English, Department of


Date of this Version



Studies in Philology 59:1 (Jan 1962), pp. 1-17


Published by University of North Carolina Press.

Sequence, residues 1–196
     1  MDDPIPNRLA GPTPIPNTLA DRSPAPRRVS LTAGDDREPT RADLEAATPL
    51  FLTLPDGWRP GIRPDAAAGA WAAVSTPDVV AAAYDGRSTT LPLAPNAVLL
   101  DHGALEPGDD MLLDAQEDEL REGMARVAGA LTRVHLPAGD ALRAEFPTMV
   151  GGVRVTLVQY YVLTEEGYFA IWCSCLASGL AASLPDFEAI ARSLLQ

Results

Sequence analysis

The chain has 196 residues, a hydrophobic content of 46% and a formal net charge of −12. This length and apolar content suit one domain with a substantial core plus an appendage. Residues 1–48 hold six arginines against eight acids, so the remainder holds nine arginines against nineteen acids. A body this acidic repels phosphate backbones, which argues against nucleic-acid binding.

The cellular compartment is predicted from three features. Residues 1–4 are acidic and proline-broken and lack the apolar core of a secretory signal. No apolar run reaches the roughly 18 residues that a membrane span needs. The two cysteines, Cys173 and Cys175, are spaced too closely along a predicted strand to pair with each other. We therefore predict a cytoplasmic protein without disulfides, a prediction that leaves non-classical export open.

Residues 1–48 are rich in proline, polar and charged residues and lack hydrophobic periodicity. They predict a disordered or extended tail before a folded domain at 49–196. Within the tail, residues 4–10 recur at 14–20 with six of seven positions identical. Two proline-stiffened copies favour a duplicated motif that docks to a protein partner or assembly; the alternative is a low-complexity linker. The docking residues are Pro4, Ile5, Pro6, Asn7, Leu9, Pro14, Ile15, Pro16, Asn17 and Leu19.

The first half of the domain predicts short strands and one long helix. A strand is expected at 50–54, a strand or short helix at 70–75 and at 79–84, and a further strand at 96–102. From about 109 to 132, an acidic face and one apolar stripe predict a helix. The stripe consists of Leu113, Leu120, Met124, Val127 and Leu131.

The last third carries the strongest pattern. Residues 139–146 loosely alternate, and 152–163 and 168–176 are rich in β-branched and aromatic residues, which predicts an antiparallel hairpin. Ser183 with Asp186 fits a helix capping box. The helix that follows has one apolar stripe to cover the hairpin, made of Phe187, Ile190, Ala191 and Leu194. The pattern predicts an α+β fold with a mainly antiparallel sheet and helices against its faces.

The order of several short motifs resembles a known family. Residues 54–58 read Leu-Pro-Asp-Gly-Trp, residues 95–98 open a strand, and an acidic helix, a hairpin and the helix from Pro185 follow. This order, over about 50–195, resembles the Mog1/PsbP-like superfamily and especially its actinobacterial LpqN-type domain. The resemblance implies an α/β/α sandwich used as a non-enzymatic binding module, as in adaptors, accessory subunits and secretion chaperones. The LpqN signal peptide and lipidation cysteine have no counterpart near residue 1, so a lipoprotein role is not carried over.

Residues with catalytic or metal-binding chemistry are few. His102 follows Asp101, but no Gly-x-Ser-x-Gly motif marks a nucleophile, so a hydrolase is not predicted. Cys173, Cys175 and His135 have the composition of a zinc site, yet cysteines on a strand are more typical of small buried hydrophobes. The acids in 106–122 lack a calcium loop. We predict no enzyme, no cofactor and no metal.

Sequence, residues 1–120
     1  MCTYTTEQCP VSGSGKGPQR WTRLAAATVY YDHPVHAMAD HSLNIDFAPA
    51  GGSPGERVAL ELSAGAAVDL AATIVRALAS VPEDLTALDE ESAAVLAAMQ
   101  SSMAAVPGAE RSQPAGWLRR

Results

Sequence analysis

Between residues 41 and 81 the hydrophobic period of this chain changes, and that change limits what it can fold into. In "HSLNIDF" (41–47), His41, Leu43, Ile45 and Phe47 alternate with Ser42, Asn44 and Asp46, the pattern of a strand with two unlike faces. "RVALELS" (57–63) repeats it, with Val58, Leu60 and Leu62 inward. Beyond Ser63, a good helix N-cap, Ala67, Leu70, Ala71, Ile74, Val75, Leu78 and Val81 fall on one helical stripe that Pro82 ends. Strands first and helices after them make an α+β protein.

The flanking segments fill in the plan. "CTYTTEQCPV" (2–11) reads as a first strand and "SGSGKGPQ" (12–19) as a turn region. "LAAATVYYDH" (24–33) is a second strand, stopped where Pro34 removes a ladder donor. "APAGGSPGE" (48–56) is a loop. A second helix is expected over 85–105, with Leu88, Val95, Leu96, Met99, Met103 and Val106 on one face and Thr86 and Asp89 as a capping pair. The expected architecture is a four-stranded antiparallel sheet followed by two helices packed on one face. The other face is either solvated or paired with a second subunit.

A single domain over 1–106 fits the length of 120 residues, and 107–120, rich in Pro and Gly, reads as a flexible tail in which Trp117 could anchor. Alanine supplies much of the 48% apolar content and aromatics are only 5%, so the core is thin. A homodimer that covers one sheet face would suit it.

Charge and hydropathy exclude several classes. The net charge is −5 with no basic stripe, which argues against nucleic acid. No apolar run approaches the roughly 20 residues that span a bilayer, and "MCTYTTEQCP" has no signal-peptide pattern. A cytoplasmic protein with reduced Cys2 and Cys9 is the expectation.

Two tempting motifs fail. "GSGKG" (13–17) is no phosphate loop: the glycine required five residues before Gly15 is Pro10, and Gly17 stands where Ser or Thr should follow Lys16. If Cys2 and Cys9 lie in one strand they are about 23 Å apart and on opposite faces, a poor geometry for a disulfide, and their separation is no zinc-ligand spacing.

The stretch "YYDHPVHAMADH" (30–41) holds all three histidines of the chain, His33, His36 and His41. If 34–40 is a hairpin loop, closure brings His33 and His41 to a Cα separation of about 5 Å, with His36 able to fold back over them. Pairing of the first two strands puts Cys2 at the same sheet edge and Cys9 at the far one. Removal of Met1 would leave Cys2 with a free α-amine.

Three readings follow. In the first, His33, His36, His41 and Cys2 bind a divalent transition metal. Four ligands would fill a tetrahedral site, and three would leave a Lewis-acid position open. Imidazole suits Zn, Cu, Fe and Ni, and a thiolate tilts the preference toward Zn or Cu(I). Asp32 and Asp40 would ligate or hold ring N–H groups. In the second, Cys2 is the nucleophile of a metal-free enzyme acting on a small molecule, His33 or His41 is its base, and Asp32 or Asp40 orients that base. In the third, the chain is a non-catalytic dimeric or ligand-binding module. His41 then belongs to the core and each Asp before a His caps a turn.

That Oswald tells the Reeve's Tale to avenge himself on Robin is evident. However, the method by which he does so is not so evident. His technique is to disguise revenge as justice: by cloaking personal retribution in the garment of objective moral comment, he is able to pretend that he is concerned not so much with retaliation as with evil itself. In doing this, he makes a mistake. The morality which he announces is more applicable to him than to his victim, and the opposition between what he says and what Chaucer says through him constitutes the real comic center of his tale's meaning. This meaning is most evident when the sections in the General Prologue and in the Miller's prologue and tale which treat of him are taken together with his own tale as a comic unit. Each of these sections dramatizes an aspect of his capacity to combine the roles of just man and avenger; each moves progressively toward a more complete revelation of his methods in combining the roles; and all concern themselves with the anomalous position of the judge who unwittingly judges himself by his own principles.